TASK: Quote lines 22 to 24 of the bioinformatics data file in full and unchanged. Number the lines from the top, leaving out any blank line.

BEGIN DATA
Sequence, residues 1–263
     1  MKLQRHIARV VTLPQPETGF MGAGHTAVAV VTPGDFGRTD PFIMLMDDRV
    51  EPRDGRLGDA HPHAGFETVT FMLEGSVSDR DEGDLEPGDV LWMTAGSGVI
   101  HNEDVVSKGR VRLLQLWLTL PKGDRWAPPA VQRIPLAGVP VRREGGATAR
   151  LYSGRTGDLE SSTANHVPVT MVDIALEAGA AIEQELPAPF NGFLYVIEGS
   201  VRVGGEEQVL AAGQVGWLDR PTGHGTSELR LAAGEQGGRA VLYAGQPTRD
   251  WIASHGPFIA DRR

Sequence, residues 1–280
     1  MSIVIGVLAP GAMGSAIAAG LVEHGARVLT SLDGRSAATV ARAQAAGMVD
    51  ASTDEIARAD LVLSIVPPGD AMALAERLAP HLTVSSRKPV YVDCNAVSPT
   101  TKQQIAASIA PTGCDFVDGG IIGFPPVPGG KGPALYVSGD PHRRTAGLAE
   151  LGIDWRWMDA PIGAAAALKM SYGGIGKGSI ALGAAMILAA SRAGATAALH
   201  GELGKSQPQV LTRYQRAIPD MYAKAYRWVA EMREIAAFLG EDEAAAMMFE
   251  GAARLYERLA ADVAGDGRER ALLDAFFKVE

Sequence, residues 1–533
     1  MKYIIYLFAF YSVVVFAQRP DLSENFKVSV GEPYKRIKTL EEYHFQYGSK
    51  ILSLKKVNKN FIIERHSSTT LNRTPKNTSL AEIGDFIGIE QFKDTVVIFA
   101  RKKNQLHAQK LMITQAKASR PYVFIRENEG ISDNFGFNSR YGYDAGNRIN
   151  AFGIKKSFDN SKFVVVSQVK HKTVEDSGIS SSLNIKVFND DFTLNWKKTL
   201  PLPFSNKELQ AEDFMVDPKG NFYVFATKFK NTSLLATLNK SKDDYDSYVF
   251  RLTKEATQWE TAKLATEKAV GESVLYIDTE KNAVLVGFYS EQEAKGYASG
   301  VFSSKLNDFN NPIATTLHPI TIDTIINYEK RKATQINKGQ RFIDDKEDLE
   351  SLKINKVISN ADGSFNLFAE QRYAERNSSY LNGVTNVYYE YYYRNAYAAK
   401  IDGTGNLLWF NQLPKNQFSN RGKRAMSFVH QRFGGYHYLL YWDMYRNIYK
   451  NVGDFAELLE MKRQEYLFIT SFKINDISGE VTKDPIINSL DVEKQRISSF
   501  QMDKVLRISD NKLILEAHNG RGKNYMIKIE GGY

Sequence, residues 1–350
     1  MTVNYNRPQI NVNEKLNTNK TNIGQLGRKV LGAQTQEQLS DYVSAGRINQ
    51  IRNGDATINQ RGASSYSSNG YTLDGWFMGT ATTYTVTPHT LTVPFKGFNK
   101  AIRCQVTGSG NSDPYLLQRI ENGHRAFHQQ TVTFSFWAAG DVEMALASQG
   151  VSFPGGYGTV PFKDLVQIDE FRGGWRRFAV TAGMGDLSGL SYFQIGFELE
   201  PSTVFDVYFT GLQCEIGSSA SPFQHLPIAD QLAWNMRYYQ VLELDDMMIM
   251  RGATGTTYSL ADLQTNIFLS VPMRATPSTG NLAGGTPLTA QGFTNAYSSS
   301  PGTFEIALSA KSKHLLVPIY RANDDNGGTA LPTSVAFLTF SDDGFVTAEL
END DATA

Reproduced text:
   301  VFSSKLNDFN NPIATTLHPI TIDTIINYEK RKATQINKGQ RFIDDKEDLE
   351  SLKINKVISN ADGSFNLFAE QRYAERNSSY LNGVTNVYYE YYYRNAYAAK
   401  IDGTGNLLWF NQLPKNQFSN RGKRAMSFVH QRFGGYHYLL YWDMYRNIYK